Last week I got the amazing opportunity to join the EU diplomatic observation mission to observe the municipal by-elections in Inhambane. Inhambane is the capital of the province with the same name and is located about 500km north of Maputo. Nicknamed “Terra da Boa Gente” (“The land of good people”) in 1948 by the explorer Vasco da Gama, Inhambane certainly is a beautiful, palm tree-filled place with colourful colonial architecture and a very calm and friendly athmosphere.
On Wednesday, the people of Inhambane voted for a new mayor, as their last one passed away in December following a heart attack. The two parties taking part in the elections were MDM and Frelimo, with candidates that both are former professors with wide popularity. The Frelimo candidate Benedito Guimino won over MDM’s Fernando Nhaca with 78,5% to 21,4%, and the voter turnout in the municipality was 38.8%.
The role of the international observers is to be present and see if the procedures are running smoothly, keep their eyes open to spot possible fraud or irregularities and check if regulations are being followed according to Mozambican law. So, for example – checking if police and security forces stay at a distance of at least 300m from the polling stations, or that no campaigning is being conducted in the area. The observer is, however, not allowed to interfere in any way, not even when there is an obvious fault or issue – what they do is to watch and take notes – and later report back and give feedback that can be used for future elections.
The polling stations were scattered in schools all over the municipality. Some of the stations had electricity, other didn’t. Some didn’t even have proper windows – or walls. We drove around to different places, taking a look in and around the polling stations, watching the voting procedures and talking to people. In the evening, as the voting was closing, we stayed at one place and observed the entire counting process. It continued until late at night and was quite tiring as every ballot had to be counted and the name of the chosen candidate read out loud, every ballot was also shown to all people present in the room, before it finally ended up in its designated pile on the floor. When the counting process was finalized, the maths had been done and a local winner had been declared – we left, met with the team again, and wrote a report before crashing to bed.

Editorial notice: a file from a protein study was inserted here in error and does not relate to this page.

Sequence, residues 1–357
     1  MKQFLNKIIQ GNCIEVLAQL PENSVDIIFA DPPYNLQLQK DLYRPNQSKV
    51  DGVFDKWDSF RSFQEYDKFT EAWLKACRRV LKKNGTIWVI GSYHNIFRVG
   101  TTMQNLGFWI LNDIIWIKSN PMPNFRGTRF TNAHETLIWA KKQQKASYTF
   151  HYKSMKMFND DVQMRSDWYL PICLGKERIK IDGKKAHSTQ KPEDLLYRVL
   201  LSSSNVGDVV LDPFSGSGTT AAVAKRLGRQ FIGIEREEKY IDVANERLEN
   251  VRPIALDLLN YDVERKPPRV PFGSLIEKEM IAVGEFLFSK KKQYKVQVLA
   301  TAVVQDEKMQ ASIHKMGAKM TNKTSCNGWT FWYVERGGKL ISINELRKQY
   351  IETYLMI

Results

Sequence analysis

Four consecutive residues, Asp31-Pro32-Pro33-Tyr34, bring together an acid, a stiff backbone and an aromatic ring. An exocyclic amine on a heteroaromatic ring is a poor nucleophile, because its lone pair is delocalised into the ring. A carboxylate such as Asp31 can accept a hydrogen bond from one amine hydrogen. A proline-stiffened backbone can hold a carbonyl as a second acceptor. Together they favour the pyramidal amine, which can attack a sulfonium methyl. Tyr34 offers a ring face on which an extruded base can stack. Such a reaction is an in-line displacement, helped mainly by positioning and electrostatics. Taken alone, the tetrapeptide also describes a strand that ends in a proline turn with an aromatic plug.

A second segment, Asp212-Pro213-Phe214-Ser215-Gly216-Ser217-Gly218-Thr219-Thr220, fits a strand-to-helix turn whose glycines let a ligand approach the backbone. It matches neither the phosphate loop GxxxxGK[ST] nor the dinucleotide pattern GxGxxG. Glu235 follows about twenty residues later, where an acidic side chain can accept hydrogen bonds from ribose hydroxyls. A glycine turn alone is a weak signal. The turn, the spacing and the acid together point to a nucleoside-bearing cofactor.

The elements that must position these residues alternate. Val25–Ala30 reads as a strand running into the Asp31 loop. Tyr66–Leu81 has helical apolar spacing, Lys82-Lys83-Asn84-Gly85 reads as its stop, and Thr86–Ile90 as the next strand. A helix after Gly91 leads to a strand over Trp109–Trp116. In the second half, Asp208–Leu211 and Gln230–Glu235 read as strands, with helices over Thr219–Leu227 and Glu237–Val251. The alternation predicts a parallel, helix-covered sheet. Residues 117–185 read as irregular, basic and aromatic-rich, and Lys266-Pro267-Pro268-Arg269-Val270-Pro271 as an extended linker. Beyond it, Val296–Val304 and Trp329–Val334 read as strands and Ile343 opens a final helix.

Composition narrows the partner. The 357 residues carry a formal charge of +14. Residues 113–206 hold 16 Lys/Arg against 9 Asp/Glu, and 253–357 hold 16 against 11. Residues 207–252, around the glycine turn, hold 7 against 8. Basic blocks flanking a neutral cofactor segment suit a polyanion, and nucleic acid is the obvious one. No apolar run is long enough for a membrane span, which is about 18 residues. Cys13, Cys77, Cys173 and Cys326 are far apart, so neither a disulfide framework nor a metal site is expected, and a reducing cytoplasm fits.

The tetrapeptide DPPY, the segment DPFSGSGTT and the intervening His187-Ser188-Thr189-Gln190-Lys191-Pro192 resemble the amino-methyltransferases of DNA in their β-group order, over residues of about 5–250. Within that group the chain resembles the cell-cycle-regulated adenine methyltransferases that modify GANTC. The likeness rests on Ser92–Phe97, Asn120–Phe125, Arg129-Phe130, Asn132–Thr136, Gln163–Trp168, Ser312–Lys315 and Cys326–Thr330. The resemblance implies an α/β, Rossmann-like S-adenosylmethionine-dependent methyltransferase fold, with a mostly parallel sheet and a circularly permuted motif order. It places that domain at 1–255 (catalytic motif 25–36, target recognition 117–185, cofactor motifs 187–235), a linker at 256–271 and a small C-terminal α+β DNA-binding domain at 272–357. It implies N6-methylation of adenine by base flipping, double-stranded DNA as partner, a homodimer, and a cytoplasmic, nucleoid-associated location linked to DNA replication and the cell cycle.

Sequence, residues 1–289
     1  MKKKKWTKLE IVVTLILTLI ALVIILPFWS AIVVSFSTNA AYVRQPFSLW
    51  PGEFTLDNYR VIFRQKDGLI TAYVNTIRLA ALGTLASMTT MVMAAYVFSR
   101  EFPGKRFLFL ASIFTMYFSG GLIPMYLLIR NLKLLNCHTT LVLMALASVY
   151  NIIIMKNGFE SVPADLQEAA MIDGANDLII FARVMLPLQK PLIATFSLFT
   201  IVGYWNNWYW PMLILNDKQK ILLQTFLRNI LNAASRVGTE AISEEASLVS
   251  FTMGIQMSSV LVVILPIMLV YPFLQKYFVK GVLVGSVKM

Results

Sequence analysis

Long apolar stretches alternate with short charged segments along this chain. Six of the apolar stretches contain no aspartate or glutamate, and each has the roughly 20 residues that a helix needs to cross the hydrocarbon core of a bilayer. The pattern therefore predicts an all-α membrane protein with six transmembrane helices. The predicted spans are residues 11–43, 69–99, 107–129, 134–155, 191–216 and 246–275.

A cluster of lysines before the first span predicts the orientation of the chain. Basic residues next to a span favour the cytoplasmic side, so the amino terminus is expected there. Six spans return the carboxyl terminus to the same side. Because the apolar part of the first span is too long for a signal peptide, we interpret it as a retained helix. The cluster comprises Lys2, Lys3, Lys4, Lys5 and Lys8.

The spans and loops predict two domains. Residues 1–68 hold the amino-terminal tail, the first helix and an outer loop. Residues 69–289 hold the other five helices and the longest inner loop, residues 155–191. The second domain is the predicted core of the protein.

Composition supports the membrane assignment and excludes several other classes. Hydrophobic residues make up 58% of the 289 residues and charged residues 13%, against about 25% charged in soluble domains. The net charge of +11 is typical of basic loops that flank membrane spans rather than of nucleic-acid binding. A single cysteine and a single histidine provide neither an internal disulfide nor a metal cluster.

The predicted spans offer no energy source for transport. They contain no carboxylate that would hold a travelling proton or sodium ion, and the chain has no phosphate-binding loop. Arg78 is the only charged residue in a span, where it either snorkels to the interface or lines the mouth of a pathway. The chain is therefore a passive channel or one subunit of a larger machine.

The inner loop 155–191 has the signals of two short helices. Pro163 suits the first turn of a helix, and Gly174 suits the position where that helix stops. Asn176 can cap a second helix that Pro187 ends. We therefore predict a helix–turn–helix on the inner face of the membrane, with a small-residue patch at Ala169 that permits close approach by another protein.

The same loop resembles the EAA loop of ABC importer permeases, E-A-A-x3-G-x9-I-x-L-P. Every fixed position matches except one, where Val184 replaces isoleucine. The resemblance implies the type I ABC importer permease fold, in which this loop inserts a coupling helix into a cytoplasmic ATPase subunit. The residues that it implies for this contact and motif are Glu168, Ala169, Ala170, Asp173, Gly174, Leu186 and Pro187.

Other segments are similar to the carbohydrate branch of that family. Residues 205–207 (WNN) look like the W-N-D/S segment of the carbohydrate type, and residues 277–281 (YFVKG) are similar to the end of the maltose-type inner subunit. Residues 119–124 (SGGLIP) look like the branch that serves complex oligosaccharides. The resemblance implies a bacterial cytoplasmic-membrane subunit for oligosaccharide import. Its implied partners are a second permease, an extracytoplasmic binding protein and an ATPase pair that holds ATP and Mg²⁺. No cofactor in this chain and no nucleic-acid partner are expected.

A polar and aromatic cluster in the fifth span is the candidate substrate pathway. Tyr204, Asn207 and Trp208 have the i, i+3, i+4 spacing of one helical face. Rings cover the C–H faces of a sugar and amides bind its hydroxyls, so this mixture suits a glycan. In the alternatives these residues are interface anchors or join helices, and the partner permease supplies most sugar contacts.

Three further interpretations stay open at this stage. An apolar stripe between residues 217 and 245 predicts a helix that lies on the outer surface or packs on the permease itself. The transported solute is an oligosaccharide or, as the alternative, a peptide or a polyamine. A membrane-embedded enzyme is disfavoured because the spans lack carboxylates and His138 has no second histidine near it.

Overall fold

A thing I was touched by was in the beginning when I was watching the people who were on their way into the polling stations. There, in a remote rural area outside of town, I saw a young man with completely wrecked clothes and only one shoe. He showed his voting card and entered the polling station and got the same instructions as everybody else were being given. He seemed to be a first time voter and he seemed to be pretty lost but taking the procedure very seriously. I asked myself whether this man had any genuine interest in politics or if he maybe had been forced by somebody to go and vote for their candidate for a small amount of money. But then, after a couple of minutes, he came out again from the polling station with his face shining of pride. He looked at his index finger that had been dipped in ink – he had made his choice and nobody could take that away from him.
In a country like Mozambique, with a very recent history of violent conflict and continuing problems of poverty and corruption – seeing democracy and politics going beyond that, smoothly, calmly and considerably fairly – giving every person, no matter the position, a right to express his or her preference, is amazing.
The elections in Inhambane was my first ever election observation, and I was there with the best support I could have imagined. My supervisor knows everything about elections and is always patient enough to explain, share and answer my questions. In her company, I got the opportunity to learn and get a broader understanding of what we were actually doing which turned every single moment into a fruitful and interesting experience.
As usual, I give you the visual part of the story, enjoy.